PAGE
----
To hear iPhone-app developers tell it, VCs are circling and the end of days is nigh. Some developers can push out at an app in four months for less than $5,000, so why play with other people's money at all? "Fuck the VCs" says indie developer John Casasanta, of Tap Tap Tap. "What we’re about to experience in the iPhone world is going to be a bubble along the lines of the one in the late '90s/early 2000s." Echoing that is Mike Lee, cofounder of iPhone app development team Tapulous, who raised $1.8M in angel funding this summer. This week, Lee, one of Tapulous's nine employees, was told to exit his own company. Lee left a depressingly cocky send-off to his team in his wake. It's hardly the rallying cry to go it alone that he meant it to be.
Nerds may be polishing up their plastic light sabers and dusting off their Darth Vader helmets in anticipation of the new, animated Star Wars movie The Clone Wars, set to open in August. But you know who's not awaiting the movie? Pepsi, Kellogg's, and and Burger King, traditional Star Wars sponsors! Why not? "A spokeswoman for Pepsi, meanwhile, was unaware that a new 'Star Wars' movie was being released." Ha, this flick has BIG BUZZ going for it. Luckily for nerds, McDonald's and Toys "R" Us have stepped in to fill the void with all types of action figures fit for stockpiling by grown men. But it's never a good sign when key parts of corporate America don't even know your movie exists. Prediction: a big, animated suckfest. Still, fans are planning to line up at Toys "R" Us just for the release of the toys. Let's hope that Triumph the Insult Comic Dog makes it out to that one:
The Atlantic is a magazine about news and culture and stuff. It has been continually published for thousands of years—its founding editor was Babylonian ruler Nebuchadnezzar. Now, though, the internet, which has made Americans forget how to read, is killing it. They struck back recently by putting on their cover a woman who is famous for being mentally disturbed, and now they've gone so far as to bring on brand consultants. Folio reports that Atlantic Media hired "an integrated marketing agency to handle its rebranding." They're redesigning the magazine and relaunching the website! Next fall they will "roll out of a full-scale marketing campaign to communicate the brand message." This is "something the Atlantic has never done" because it is a thing that was invented by marketing agencies ten years ago. [The Atlantic]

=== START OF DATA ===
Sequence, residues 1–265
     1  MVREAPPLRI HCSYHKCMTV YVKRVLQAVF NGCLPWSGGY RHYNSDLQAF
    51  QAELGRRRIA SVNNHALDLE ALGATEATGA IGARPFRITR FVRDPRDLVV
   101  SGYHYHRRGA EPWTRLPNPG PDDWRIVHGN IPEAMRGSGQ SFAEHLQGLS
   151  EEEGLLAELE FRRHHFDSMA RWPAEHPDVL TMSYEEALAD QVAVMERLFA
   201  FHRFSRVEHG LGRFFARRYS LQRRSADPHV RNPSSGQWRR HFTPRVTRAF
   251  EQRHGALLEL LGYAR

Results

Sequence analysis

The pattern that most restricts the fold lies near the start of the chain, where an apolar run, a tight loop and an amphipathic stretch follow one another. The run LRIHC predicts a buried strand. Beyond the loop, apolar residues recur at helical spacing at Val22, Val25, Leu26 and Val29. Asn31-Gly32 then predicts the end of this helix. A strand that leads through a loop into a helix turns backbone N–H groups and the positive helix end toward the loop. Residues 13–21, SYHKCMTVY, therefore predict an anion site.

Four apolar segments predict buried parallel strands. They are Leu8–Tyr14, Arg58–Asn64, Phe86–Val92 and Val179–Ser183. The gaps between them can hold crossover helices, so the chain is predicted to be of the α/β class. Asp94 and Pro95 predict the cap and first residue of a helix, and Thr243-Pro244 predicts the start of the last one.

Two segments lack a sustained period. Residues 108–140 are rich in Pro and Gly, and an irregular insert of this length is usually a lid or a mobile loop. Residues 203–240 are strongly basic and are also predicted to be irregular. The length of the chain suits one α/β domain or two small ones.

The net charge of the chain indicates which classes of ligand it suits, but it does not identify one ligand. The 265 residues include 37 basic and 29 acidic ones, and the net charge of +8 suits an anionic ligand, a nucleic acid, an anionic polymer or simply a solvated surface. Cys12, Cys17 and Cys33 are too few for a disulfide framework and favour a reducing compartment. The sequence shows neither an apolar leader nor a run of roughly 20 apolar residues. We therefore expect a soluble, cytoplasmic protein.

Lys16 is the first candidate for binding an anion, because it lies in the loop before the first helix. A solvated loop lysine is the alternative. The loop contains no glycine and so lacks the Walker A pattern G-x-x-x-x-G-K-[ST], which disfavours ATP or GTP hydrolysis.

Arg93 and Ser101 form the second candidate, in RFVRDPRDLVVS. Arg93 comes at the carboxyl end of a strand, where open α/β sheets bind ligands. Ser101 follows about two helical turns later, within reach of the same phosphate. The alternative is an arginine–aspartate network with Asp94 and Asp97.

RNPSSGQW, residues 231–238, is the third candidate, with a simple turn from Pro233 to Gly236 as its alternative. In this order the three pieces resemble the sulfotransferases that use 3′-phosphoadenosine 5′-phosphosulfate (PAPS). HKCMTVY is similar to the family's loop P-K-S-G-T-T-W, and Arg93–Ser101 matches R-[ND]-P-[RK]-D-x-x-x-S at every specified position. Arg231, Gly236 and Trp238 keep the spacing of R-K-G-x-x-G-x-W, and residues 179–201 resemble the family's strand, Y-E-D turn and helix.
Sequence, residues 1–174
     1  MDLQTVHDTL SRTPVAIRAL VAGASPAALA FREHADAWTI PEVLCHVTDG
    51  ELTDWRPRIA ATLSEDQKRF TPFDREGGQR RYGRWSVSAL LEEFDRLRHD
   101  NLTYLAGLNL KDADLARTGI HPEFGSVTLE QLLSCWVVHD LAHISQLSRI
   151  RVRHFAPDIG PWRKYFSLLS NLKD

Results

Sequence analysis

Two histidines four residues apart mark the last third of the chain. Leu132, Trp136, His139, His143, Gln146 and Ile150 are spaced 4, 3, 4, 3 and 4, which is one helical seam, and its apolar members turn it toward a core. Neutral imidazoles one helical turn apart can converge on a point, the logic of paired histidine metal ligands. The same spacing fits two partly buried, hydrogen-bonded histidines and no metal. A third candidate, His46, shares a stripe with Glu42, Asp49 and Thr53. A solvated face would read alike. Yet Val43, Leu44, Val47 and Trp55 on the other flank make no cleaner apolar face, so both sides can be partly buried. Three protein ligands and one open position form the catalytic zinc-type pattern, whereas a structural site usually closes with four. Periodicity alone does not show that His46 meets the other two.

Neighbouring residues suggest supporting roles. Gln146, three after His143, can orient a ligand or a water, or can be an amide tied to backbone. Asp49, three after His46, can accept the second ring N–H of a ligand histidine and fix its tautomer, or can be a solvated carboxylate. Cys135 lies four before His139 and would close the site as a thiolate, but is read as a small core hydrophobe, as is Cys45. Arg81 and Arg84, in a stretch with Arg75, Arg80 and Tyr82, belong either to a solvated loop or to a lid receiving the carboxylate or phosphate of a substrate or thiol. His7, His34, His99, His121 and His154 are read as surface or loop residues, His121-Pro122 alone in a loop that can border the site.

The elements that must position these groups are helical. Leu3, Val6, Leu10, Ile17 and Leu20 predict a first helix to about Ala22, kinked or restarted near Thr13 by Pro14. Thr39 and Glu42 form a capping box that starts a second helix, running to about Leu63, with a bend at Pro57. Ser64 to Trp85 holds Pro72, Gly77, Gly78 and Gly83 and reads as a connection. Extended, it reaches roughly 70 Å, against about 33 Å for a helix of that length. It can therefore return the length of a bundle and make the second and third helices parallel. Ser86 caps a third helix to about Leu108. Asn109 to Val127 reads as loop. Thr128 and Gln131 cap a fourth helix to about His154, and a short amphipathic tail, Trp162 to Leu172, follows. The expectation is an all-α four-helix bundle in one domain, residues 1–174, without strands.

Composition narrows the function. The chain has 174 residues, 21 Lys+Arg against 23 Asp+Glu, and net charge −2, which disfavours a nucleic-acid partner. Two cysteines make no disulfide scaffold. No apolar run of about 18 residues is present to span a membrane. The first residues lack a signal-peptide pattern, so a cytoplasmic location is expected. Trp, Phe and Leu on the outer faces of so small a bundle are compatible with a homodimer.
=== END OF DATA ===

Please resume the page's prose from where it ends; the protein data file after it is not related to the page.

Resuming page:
At long last, Cloverfield, Slusho Beverage Corp.'s bold foray into the sci-fi disaster genre, had its first screenings last night. Hours later, members of the fanboy journalist elite lucky enough to have had first, unfettered access to the mysterious creature at the center of all the monument-decapitating mayhem, took to the internets. Below, a round-up of the buzz. [Ed. note: We'll try to avoid spoilers, but promise nothing. You've been warned.]
· If we are to believe the Kingdom of the Fanboys' semi-merciful Lord and Ruler Harry Knowles, it was a watershed moment in giant-fucking- monster-stomping- through-Manhattan cinematic history: "The movie is fucking brilliant. It's what we were told it was going to be. An intimate perspective on an impossibly grand scale human disaster beyond most human levels of comprehension." Slashfilm reminds us, however, that this was a guy who thought the Godzilla remake was peaches. [AICN, Slashfilm]
Today's Wall Street Journal looks at the fourteen Diana Spencer books coming our way this summer for the ten year anniversary of her death. Tina Brown's entry, "The Diana Chronicles"—the WSJ hilariously calls Tina "the former high-profile editor of the New Yorker and Vanity Fair"—is riding high in that crop. But it's all about the pre-orders. A bookseller in Winnetka, Illinois, has pre-ordered two, and is thinking about "a few more." Ka-ching? At least a bookstore in Fairway, Kansas, has ordered a whopping 20. The print run is 200,000. Time to buy that advertorial spread on Amazon!